Wallabies halfback Will Genia will retire from Test rugby after the Rugby World Cup, heading to Japan to play his club rugby.
Genia and Rebels teammate Quade Cooper are both set to head to Japan after the World Cup, with Japanese Top Challenge League club Kintetsu announcing the pair's acquisition on Thursday.
The pair would both remain Test eligible despite moving overseas, with 100 and 70 Tests to their names, but Genia has ruled himself out of any further international involvement.
Genia became the 10th Wallabies to play 100 Tests when he ran out at Twickenham last year and said he would reflect on his career with immense pride.
"When I think about my Test career I'm very happy that as it stands I'm one of only 10 players to play 100 Tests for Australia," he said.
"My longevity in the game thus far, very happy I've made my country proud but also my birth country Papua New Guinea and my family proud.
"I feel like I'm leaving at the right time because there's a whole bunch of young players who are coming through who are very, very good and some experienced ones as well with Nic (White) and Joey (Powell) who's had a couple of Tests as well.
"I think there's some very,very talented guy scoming through and guys who are willing to work hard and have those ambitions."
Genia said he also wanted to spend more time with young daughter, Olivia, an opportunity that the shorter Japanese season would provide.
"She was probably one of the biggest reasons to leave and go to Jpaan and...retire from Test footy because I just want that time to spend with her," he said.
"She's going to start going to school soon and I won't be able to spend all that time with her so I want to make the most of it."
The confirmation of Genia and Cooper's departures comes after heavy speculation that the pair were on the verge of committing to the Liners after this year's Rugby World Cup.
Both posted cryptic images about their futures in the wake of the Super Rugby season but had made not formal indications about their plans for next season.
Melbourne were believed to be keen to keep both players at least for next season but ultimately the rich and lengthy contracts the Japanese club were willing to offer won out.
Genia and Cooper's departures will provide some handy salary cap relief for the Rebels as well, after a swathe of high-profile signings in recent seasons.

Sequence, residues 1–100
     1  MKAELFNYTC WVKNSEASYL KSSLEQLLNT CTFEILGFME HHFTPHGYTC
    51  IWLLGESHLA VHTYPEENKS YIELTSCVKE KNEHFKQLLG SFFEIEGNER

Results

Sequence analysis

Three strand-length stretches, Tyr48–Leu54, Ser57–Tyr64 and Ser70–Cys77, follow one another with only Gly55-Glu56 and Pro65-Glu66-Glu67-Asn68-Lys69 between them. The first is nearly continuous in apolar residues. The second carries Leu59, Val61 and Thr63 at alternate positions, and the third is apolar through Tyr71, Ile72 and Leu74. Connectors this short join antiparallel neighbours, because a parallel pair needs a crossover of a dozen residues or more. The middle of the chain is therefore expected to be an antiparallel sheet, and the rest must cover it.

The Rebels only paid a portion of Cooper's salary in 2019 in a deal with the Reds, who had initially contracted him through to the end of 2019 before coach Brad Thorn told Cooper he was not required, but would have had to stump up the full amount had the 10 committed.
The Liners, coached by former Reds mentor Nick Stiles, currently play in the Japanese Challenge League, which is the second domestic Japanese division.
Japan's Top League has a promotion-relegation system and the Kintetsu side will be looking to push its way back into the top echelon in the coming years.
While the Top League doesn't kick off until January 2020, due to the World Cup, the Top Challenge League plays its first round just two weeks after the World Cup final, on November 15.
The Liners announced their new additions on their website on Thursday afternoon with translated quotes from both players.
Genia said in the announcement that he was looking forward to linking up with the team.
"I am very much looking forward to joining Kintetsu Liners," he said.
"I want to play right away as part of a team with a long history and tradition. I am looking forward to meeting Japanese people and getting in touch with Japanese culture.
"My goal is to do my best for the club and to help Kintetsu Liners become the best rugby team in Japan through my own play. It is a great honor to be able to contribute to this team."
Cooper said he wanted to try and help the team return to the Japanese Top League once more.
"I am very much looking forward to joining the historic team, Kintetsu Liners," he said.
"I am confident that I can contribute at Kintetsu Liners through my career.
"I will work hard to develop my team and teammates, and I will firmly incorporate them to achieve the goal of returning to the top league, which is the club goal.
"In addition, I will do my best to be able to play an active part with the whole team on the stage of the top league."
Melbourne have already shown signs of planning for the future, recently signing Fiji scrumhalf Frank Lomani for 2020 while Matt To'omua would most likely take Cooper's regular flyhalf spot, with the Wallaby playmaker signed on for next season.